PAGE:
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A History of Fist-Fueled Author Feuds

Even some of literature’s most iconic authors were responsible for behavior more befitting a barroom brawl than intellectual provocation. In Writers Gone Wild, Bill Peschel has culled together the most notorious embarrassments, love affairs, and addictions of beloved literary heroes. In honor of the infamous feud that overshadowed recent Nobel Prize winner Mario Vargas Llosa’s relationship with fellow laureate Gabriel García Márquez for 30 years, here are five other instances where the sword pulverized the less-than-mighty pen.

Marcel Proust versus Jean Lorrain


After journalist Jean Lorrain subtly outed Marcel Proust’s sexuality in a review of Pleasures and Days, the French author challenged his meddling critic to a duel. Although Proust was disappointed that the fight would interfere with his usual sleeping in, the perpetually sickly writer remained otherwise unmoved by the implications of the face-off — especially after it was rescheduled to be held in the afternoon. The shoot out was settled after Proust’s bullet hit the ground and Lorrain missed completely, but Proust later referred to it as one of his best memories.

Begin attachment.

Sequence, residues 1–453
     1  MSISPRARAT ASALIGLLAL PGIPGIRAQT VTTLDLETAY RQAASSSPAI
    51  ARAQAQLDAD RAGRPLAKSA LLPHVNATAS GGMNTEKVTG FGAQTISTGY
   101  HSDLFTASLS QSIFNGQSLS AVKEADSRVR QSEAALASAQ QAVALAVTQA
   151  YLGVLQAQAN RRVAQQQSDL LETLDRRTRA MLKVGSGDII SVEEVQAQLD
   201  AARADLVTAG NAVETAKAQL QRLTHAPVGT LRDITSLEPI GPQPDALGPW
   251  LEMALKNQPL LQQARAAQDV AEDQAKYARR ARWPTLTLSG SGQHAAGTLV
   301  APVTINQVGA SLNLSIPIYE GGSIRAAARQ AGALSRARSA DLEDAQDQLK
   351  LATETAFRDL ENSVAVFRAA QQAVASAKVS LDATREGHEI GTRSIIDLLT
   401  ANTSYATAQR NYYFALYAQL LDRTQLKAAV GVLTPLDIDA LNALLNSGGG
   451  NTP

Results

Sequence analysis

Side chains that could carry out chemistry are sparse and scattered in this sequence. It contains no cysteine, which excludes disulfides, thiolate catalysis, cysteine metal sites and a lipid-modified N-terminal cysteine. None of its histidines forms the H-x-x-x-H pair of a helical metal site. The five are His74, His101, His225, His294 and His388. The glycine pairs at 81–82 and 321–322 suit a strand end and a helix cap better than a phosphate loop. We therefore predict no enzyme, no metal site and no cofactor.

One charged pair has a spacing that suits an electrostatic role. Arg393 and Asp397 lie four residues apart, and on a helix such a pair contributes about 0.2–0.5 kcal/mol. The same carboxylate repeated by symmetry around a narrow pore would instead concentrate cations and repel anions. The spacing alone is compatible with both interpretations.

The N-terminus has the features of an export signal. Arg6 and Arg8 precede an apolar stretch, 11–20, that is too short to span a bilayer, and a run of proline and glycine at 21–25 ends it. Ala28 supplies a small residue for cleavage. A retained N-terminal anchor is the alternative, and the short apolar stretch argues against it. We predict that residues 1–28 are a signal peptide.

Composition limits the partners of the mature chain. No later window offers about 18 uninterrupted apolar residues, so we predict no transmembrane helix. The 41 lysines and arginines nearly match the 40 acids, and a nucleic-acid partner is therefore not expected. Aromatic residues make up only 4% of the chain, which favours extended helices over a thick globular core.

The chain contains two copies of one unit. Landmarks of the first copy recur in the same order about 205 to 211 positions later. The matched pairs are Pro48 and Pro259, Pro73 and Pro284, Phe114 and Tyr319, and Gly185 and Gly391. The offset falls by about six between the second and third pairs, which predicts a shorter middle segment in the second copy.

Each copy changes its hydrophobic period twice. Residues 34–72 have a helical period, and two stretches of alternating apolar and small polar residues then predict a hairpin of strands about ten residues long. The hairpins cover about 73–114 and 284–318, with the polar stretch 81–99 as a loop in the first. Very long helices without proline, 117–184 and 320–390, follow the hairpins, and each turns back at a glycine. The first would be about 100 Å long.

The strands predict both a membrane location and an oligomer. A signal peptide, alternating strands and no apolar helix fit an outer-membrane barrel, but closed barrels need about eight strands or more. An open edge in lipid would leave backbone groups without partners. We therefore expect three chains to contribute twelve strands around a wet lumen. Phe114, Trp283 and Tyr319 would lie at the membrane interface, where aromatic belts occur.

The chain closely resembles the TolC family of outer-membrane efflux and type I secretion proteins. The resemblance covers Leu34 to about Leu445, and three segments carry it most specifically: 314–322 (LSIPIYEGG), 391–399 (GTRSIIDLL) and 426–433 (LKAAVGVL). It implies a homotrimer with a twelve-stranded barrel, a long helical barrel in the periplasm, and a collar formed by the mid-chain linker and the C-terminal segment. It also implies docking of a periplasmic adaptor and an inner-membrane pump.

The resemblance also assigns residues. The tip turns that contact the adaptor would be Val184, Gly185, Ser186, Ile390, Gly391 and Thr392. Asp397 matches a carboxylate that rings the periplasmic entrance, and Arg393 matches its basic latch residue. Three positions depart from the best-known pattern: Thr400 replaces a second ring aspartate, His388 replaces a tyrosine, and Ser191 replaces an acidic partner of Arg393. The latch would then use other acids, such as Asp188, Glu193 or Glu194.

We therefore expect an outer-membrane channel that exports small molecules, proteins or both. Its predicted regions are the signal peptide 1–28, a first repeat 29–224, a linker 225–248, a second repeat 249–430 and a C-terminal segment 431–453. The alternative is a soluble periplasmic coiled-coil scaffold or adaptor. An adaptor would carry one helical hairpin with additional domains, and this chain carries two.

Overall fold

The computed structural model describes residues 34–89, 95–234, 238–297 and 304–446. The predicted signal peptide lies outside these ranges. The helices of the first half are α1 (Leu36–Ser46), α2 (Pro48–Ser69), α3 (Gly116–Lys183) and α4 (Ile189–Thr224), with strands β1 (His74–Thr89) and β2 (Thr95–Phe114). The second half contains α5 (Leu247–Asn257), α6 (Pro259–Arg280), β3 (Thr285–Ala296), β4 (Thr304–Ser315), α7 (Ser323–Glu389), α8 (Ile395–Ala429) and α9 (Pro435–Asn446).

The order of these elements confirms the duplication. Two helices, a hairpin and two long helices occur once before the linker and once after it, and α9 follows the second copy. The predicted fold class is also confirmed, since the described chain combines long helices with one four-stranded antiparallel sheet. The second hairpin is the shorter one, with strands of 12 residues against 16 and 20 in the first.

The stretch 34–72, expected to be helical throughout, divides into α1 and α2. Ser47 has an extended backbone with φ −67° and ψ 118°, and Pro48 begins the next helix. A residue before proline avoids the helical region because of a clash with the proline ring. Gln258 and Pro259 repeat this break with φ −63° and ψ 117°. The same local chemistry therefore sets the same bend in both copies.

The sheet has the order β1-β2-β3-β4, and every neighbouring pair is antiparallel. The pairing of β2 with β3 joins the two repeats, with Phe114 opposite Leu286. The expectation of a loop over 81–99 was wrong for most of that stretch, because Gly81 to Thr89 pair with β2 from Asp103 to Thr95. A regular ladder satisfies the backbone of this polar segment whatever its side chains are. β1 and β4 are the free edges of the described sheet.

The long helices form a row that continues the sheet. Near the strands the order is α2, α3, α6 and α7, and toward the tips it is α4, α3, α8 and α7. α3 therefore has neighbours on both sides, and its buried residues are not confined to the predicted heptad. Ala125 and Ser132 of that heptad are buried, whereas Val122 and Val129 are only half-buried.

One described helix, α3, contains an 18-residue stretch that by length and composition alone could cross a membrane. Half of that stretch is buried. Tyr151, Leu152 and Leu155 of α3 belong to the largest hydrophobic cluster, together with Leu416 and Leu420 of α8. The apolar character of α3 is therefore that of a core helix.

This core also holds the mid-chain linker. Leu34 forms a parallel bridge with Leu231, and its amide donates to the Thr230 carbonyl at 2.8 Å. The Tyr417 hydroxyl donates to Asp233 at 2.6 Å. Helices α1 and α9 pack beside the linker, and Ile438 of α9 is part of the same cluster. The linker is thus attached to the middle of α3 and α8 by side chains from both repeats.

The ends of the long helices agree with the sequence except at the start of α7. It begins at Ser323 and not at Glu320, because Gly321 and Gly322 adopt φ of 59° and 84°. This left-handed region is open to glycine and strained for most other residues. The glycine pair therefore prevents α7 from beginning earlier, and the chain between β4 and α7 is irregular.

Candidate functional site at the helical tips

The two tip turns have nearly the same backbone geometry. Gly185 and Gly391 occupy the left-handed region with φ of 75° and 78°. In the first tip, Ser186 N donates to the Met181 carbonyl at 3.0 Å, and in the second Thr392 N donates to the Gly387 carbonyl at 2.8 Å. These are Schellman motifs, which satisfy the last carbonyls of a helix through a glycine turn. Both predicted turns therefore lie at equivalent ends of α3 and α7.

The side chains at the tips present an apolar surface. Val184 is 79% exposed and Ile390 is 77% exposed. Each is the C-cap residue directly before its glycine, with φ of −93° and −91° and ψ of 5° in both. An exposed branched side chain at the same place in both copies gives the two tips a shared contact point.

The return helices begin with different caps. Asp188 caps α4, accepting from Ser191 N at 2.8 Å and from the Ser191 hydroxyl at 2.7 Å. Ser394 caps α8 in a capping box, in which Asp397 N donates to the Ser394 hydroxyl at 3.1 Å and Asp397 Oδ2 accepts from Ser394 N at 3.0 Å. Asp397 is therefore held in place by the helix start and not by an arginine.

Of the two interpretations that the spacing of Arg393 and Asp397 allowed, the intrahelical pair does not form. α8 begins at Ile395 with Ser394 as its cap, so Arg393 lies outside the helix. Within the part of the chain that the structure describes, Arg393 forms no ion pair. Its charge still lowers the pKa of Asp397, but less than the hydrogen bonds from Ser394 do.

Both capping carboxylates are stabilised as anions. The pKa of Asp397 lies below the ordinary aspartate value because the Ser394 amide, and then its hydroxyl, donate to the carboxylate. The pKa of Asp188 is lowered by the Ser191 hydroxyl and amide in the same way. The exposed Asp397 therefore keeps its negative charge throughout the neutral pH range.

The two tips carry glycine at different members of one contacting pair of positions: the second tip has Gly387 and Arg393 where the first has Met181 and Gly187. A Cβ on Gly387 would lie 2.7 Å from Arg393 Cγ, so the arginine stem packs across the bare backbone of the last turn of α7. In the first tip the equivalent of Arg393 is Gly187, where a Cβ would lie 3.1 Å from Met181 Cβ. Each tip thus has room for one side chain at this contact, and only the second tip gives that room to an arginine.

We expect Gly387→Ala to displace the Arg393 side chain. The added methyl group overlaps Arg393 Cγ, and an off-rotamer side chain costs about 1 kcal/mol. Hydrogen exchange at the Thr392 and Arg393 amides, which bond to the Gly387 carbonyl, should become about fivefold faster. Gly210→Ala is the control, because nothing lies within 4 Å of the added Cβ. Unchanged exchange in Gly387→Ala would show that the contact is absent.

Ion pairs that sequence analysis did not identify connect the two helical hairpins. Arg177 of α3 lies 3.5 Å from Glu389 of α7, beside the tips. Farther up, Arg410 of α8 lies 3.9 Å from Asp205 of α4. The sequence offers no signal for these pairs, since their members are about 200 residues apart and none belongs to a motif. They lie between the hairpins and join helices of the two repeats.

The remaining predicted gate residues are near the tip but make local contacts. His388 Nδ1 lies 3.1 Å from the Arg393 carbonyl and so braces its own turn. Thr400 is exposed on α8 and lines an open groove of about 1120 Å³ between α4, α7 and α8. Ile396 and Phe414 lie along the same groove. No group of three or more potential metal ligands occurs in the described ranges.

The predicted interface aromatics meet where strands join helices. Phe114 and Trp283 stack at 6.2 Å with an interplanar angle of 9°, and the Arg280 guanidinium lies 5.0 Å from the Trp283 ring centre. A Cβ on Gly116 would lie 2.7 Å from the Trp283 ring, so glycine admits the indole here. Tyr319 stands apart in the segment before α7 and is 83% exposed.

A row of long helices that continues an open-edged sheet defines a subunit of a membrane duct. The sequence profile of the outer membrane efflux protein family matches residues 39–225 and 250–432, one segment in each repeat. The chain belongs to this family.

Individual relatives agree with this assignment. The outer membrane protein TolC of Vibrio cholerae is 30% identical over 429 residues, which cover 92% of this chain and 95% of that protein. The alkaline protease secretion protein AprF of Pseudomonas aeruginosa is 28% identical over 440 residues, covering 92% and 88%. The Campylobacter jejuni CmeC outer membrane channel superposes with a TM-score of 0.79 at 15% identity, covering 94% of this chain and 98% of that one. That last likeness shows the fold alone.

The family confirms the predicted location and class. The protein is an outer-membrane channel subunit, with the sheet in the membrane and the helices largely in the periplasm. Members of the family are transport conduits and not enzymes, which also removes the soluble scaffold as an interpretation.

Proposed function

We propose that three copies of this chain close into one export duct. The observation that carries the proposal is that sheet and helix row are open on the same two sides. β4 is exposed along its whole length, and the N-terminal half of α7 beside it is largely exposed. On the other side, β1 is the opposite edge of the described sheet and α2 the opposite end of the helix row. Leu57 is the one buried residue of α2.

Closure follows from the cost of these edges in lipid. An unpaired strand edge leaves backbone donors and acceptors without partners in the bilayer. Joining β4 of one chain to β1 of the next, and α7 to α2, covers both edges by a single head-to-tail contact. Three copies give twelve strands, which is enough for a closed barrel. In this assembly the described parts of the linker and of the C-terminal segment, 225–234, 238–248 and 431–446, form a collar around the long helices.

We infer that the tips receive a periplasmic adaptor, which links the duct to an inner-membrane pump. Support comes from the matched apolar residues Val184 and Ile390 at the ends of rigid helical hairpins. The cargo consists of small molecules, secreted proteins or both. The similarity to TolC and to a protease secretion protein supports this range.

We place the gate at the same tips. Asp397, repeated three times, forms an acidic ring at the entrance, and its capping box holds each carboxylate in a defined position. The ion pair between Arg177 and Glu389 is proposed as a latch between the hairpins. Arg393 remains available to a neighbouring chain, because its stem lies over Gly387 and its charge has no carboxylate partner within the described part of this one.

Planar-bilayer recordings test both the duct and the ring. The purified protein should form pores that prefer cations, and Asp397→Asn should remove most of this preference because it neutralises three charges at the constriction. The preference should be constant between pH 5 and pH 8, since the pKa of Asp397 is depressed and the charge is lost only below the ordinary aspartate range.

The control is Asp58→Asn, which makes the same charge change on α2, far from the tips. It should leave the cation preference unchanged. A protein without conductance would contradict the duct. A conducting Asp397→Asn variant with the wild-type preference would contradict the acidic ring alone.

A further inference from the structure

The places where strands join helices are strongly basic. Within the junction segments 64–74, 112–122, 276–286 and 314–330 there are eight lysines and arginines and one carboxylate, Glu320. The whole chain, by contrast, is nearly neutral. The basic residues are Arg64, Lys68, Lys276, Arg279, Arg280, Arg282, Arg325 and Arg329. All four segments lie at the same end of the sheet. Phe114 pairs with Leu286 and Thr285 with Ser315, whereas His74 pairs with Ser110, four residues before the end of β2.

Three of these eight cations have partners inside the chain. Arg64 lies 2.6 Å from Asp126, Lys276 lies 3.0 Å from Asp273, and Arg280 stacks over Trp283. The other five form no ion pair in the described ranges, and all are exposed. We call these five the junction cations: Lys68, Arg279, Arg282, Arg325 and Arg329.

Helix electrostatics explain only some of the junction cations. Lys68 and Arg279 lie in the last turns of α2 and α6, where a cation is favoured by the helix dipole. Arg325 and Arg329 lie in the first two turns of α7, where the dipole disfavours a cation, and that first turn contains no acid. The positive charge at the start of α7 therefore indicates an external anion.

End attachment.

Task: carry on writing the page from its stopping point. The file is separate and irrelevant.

And the winner is: Proust! Though Lorrain was comfortable with his own public flamboyance, he had no right to spotlight Proust’s secret (especially at a time when being gay could lead to arrest). Proust later parodied his opponent in Remembrance of Things Past as Baron de Charlus.

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